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"Patentedxjan’. 7,1947
; vf 3
‘ '
2,413,889
_ 3g" "PRODUCTION
2,413,889
or ACRYLIC acn)
a . V
’
_
I
" Chess'ie E. Itehberg, Glenside', snatched” n.‘ a
,Fisher, Abinz'ton, Pm, assignorsmtoeUnlted .
States of-America as represented by‘ the Score-1 , ‘
,
‘.L'tary ‘of Agriculture
.} No Drawing; Application November ‘11, 1944,
_
:
‘SerialNo. 563,047
scalar.
‘ , (Granted
-
(01, 260——526)_
>
"
i
‘
_
‘a
_
,
under the act ‘cf-March 3,1883, as ‘f
‘amended April 30, 1928: 370 0. G. 757) ‘
This application
made ‘,under the ‘act "of
product, methyl Iormate, was then slowly with;
March 3,, 1883, as amended by the, act of,April
drawn as formed until its production ceased (8
to 10 hours). The excess methyl acrylate was
30, 1928, andthe. invention herein described, if '
' patented, may, be manufactured and used by or
' then distilled at a pressure of 140 mm., after
for theGovernme'nt -oi' the United States oi
America for governmental purposes without the
payment to us of any royalty thereon.
‘
which the formed acrylic acid was distilled at
56° ‘C. (25 mm.). The yield was 231 g. (80 per
‘
1 cent of the theoretical based on the formic acid
used). Over 91 percent 01' the methyl acrylate
saturated acids by‘the acidolysis ofv unsaturated
put into the reaction mixture was either recov
esters, and particularly to the~production of 10 ered or converted into acrylic acid.
acrylic acid by the reaction of an ester of acrylic
When acetic acid and unsubstituted methyl
This invention relates to the production of un-w
acid with, an organicacid other thanthe acid
to‘be formed, in particular, with a saturated ali
acrylate were reacted in a similar manner, acrylic '
‘
phatic acid such as formic acid or acetic acid.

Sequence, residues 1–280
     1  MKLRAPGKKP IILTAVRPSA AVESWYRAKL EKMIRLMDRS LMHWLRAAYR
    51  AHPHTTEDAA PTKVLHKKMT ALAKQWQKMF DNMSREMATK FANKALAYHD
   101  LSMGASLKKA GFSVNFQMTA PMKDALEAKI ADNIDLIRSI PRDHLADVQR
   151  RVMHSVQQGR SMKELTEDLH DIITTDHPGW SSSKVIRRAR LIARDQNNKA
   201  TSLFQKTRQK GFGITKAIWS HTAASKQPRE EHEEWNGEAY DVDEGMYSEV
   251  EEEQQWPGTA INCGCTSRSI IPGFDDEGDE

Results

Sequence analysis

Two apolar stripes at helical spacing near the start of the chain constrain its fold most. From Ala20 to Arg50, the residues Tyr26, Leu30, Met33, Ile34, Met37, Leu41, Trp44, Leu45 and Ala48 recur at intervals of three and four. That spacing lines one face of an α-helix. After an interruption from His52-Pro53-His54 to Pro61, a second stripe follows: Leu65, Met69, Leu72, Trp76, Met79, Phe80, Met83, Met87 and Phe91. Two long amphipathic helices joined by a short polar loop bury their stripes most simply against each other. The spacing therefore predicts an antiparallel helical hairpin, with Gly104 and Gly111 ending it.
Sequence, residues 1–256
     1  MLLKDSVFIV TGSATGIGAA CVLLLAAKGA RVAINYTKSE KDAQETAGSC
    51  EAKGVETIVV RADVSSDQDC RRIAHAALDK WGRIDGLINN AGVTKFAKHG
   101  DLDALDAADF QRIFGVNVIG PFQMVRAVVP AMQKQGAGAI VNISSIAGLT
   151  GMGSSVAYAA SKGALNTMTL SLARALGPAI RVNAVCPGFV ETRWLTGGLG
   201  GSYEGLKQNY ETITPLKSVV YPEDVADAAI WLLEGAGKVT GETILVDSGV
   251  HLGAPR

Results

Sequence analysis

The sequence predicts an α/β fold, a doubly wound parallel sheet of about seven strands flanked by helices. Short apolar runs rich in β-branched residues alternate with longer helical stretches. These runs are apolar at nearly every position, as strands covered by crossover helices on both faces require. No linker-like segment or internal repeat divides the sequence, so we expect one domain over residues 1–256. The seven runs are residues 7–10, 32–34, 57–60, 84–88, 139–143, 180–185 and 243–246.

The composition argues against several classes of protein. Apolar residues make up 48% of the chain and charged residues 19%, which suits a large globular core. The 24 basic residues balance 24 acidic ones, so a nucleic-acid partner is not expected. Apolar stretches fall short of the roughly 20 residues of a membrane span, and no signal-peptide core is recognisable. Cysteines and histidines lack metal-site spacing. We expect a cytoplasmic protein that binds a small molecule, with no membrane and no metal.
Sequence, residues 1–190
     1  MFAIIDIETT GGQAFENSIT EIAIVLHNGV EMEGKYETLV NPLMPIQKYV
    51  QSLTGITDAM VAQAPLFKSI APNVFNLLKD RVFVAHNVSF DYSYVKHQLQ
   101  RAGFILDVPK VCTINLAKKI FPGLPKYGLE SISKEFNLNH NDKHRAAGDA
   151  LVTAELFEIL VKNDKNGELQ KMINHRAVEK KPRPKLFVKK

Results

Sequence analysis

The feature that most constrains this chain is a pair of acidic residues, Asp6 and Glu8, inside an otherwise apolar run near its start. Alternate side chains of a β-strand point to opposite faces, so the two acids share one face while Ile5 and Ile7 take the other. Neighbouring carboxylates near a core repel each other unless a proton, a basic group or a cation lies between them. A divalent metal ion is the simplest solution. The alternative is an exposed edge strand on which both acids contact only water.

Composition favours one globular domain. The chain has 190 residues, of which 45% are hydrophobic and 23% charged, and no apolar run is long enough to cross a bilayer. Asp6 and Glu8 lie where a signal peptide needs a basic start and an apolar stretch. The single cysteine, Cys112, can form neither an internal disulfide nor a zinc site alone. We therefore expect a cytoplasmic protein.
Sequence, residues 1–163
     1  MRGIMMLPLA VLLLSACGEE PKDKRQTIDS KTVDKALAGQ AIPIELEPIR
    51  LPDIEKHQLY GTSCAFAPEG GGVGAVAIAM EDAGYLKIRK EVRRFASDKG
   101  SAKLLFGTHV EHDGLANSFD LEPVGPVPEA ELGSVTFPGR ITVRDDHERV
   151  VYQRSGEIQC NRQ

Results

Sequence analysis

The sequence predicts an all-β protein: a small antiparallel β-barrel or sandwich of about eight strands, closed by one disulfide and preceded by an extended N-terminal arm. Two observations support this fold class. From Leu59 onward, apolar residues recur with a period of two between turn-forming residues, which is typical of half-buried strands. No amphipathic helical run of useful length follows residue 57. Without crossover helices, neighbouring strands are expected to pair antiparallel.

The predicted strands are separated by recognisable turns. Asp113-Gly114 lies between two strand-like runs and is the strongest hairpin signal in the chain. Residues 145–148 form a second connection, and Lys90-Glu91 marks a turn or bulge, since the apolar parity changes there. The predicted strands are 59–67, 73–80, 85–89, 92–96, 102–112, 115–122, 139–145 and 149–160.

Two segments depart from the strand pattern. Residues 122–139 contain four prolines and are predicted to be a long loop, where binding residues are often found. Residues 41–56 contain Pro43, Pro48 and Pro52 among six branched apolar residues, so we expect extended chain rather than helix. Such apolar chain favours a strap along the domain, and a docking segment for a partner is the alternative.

acid was obtained, although
the rate of acid-
olysis was slower.
;
Y
The preparation of dry acrylic acid in high 415 The process is not limited to the speci?c re
yields in accordance with the‘ present ‘known
agents and conditions given above. Other ‘min
methods is di?icultt Hydrolysis of methyl acry
eral acid catalysts maybe used instead of the
late or ethyl acrylate yields various side products
sulfuric acid, and various polymerization inhib
in addition to the desired acrylic acid, and the
itors may be substituted for the hydroquinone.
acrylic acid produced is contaminated with war-y 20 Entraining
agents may be used to facilitate the
distillation oi’ the various fractions. Various
This invention has among its vobjects the prep-,
other. acids, such as butyric acid, benzoic acid,
aration of dry acrylic'acid' under essentially an‘
boric acid, and lactic acid may be used instead
, hydrous conditions in high yields by acidolysis
of the formic acid or the acetic acid, and other
of esters of acrylic acid with anhydrous organic 25 esters of acrylic acid, particularly alkyl acrylates,
acid other than the acrylicv acids prepared; and
may be used in place of the ,methy1 acrylate.
such other objects as willlbe apparent from the
Also, other estersv of higher series may be used,
following description and claims.‘v
.
.
3
such as esters of crotonic acid, to produce cro
In accordance with the invention, dry acrylic
tonic acid, although preferably, for purposes of
ter.
‘
I
,
,
,
_.
acid is preferably produced by reacting by mix,
ing and heating a suitable ester of acrylic acid
30 fractional distillation, the reacting acids and es- .
ters should be so selected that the produced by
product ester boils at the lowest boiling point,
with an anhydrous saturated aliphatic acid in
‘ , the presence of a mineral acid esteriflcation cat